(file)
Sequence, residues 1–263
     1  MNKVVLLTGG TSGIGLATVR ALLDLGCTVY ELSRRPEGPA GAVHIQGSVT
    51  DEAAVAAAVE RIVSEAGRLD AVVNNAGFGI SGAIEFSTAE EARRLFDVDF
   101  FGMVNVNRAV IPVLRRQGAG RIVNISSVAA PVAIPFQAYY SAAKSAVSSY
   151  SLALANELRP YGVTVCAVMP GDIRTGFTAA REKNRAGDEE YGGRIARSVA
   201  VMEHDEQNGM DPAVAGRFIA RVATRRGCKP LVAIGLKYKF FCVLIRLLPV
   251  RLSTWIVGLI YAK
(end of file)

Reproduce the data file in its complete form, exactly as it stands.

Sequence, residues 1–263
     1  MNKVVLLTGG TSGIGLATVR ALLDLGCTVY ELSRRPEGPA GAVHIQGSVT
    51  DEAAVAAAVE RIVSEAGRLD AVVNNAGFGI SGAIEFSTAE EARRLFDVDF
   101  FGMVNVNRAV IPVLRRQGAG RIVNISSVAA PVAIPFQAYY SAAKSAVSSY
   151  SLALANELRP YGVTVCAVMP GDIRTGFTAA REKNRAGDEE YGGRIARSVA
   201  VMEHDEQNGM DPAVAGRFIA RVATRRGCKP LVAIGLKYKF FCVLIRLLPV
   251  RLSTWIVGLI YAK